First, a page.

By Ameera Butt, Los Feliz Ledger Contributing Writer | http://bit.ly/12gvpDj
After the Dec. 14th shooting at Sandy Hook Elementary, people paid tribute to the 20 children and six adults killed leaving toys, cards and candles underneath a Christmas tree dedicated to each victim. Photo: Allison B. Cohen
Friday, November 28th, 2014 at 6:00 am - ATWATER VILLAGE :: The school entrance for Glenfeliz Elementary School will be revamped for safer security, according to Los Angeles Unified School District officials. The change is needed, officials say, in response to shootings at other schools across the nation.
Currently, the school’s main entrance provides access to the main office, the playground area and to its kindergarten classrooms, according to Principal Karen Sulahian. The reconfigured gate will tunnel visitors into the main office only, she said.
According to Sulahian, no shootings or threats have occurred at the school, but due to recent multiple school shootings across the United States, these precautionary measures are needed.
“We realized that times have changed,” she said, and that schools and playgrounds used to be open for public access. But now, she said, “It’s not the best practice to do that.”
On LAUSD school campuses, there has only been one recent accidental shooting at Gardena High School in 2011, according to the Los Angeles School Police Dept. There have been none since.
But since the Dec. 14th, 2012 Sandy Hook Elementary School shooting in Newtown, CT, there have been 91 incidences of shootings at schools, including at Santa Monica City College in June, 2013. Of the 91 shootings, 43 have been at colleges or universities, including one November 20th. The remaining 48 shootings have happened on kindergarten through 12th grade campuses.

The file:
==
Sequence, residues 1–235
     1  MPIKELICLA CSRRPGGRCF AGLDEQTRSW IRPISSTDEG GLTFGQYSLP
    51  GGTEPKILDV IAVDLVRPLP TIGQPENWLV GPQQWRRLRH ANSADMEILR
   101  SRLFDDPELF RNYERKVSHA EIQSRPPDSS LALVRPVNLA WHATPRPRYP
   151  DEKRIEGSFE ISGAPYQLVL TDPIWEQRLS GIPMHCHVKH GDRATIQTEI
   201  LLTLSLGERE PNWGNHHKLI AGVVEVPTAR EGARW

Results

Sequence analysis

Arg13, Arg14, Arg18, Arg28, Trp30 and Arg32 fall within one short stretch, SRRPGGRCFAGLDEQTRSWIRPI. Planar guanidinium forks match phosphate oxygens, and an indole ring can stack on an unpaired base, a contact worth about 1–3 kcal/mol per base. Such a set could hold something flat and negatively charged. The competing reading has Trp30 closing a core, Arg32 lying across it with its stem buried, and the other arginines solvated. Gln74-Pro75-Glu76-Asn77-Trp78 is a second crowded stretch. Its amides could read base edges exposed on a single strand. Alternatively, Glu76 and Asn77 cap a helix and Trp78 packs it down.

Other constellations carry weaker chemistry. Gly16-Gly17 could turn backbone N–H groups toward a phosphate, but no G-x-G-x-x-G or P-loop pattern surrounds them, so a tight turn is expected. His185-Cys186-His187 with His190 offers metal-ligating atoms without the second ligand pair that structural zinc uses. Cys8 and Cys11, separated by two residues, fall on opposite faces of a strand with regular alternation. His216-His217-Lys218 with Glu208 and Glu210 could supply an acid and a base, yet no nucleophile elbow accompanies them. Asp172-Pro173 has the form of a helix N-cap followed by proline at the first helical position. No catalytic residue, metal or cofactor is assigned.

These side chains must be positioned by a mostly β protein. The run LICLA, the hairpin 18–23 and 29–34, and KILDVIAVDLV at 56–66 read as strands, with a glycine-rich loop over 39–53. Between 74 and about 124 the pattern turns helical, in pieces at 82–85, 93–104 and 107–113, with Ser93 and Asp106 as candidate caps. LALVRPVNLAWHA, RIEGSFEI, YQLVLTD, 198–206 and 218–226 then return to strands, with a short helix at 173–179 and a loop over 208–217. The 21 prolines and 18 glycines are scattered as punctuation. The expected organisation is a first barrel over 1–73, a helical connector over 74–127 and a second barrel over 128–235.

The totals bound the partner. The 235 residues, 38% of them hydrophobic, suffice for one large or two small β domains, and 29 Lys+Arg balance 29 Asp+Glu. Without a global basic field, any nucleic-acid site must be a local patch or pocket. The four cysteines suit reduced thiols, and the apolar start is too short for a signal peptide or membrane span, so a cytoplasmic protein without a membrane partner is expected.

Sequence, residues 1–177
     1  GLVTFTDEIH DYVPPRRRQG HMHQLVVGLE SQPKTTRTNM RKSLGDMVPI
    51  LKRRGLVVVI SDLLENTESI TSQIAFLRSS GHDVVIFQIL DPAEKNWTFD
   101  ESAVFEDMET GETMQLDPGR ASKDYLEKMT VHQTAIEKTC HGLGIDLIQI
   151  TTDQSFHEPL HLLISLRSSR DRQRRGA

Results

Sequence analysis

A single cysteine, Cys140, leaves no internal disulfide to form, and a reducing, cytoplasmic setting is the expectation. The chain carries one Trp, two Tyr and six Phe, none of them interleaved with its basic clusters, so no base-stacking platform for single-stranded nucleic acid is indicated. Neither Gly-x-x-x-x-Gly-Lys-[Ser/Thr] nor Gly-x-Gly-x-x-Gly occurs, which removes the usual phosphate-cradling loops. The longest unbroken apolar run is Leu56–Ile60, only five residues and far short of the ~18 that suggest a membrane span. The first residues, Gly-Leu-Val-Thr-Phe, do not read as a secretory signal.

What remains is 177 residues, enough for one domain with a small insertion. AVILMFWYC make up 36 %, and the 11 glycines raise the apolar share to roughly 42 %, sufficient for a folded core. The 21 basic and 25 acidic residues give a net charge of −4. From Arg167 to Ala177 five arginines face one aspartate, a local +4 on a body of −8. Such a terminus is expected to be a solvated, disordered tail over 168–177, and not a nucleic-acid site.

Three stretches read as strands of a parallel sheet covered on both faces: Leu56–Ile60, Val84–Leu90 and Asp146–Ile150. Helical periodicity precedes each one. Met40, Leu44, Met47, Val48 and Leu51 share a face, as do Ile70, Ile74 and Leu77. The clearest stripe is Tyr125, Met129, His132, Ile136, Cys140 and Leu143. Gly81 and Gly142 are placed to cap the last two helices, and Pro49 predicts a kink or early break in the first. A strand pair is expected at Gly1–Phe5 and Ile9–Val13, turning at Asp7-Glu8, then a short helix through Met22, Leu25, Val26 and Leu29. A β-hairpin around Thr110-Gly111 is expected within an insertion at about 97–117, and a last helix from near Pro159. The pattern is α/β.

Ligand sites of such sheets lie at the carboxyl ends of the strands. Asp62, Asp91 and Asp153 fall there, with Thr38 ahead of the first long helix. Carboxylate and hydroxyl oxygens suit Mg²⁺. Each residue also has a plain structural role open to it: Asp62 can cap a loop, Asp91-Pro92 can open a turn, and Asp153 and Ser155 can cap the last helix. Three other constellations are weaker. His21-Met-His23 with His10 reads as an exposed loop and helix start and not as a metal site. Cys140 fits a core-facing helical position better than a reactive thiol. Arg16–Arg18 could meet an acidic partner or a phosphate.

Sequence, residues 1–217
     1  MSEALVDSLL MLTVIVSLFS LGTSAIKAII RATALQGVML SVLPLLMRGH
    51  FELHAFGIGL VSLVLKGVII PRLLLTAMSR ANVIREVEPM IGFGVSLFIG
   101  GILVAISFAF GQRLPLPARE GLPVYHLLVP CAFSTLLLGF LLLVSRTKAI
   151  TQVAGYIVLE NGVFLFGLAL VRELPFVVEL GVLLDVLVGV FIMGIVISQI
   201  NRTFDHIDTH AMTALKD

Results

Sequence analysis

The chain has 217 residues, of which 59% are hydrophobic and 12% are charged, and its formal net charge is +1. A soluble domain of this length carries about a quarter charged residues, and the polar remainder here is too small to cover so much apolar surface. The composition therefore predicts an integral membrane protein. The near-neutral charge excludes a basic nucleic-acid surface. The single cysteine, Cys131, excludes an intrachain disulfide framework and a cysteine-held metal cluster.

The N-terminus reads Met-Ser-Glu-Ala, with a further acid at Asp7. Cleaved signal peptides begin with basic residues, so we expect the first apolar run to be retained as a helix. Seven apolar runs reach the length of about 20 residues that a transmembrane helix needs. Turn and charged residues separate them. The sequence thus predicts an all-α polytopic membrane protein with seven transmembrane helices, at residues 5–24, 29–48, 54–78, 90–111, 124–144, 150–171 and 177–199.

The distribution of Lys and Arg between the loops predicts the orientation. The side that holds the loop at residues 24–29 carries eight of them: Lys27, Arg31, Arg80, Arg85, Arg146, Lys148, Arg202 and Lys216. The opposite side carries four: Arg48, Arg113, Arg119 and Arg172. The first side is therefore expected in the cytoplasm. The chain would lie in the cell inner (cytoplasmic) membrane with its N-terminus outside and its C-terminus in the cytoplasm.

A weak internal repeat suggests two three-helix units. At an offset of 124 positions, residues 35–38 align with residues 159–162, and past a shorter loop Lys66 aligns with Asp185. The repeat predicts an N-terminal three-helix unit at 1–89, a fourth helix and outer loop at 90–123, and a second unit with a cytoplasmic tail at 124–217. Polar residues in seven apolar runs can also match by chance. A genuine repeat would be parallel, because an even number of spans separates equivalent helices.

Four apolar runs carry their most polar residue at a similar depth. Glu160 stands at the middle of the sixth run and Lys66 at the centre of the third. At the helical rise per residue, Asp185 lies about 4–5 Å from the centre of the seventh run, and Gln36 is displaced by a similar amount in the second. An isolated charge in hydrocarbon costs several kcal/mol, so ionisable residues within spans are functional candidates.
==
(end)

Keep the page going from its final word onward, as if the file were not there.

After the October school shooting at a high school in Washington state, where a teenager with a gun shot four of his classmates and then himself, there have been no local concerns raised by parents, according to principal Sulahian.
But Sulahian said she is “acutely aware” of every shooting that takes place.
Part of the LAUSD’s procedures in active shooter situations are “lock down” scenarios, or having students remain in a classroom or designated location, according to Steven Zipperman, Chief of Police for the Los Angeles School Police Dept.
According to Zipperman, “lock downs” additionally occur if there is an intruder on campus or if police activity is near a campus.
However, after Sandy Hook, that claimed 26 students and staff, the LAUSD now allows principals and teachers to quickly move students off campus, if needed, to save as many lives as possible during an active shooter scenario, Zipperman said.
“It could be a church [or] wherever they may need to seek shelter and [be] away from the threat,” Zipperman said.
LAUSD Boardmember for District 5 Bennett Kayser said LAUSD students have also recently been trained to report fellow students with guns to school staff. But sadly, he said, today’s students seem all too familiar with gun violence.
“So many of our kids have experienced gun violence and trauma [in their homes], and LAUSD is truly a respite,” he said.
Meanwhile in nearby Echo Park, Emilio Garza, Principal of Elysian Heights Elementary School, said the school is discussing with LAUSD officials the addition of a buzzer and metal detector at the front of the school as a safety precaution. The buzzer would allow administrators to keep the front doors locked and allow them to buzz visitors inside. According to Garza, the front entrance to the school is currently not locked during school hours.
Zipperman, with the school police department, said every time a shooting happens elsewhere everyone thinks “OK, I guess we have some breathing room for a while. . . . But, we don’t know that,” he said. “These things remind everybody, first of all, there is [nowhere] 100% safe, no matter what plans you have in place.”
The cost of the improved security at Glenfeliz Elementary will be about $12,000 and will be completed by June 2015. According to principal Sulahian, the delay is due to other projects that have been prioritized first by LAUSD.
Allison B. Cohen contributed to this story.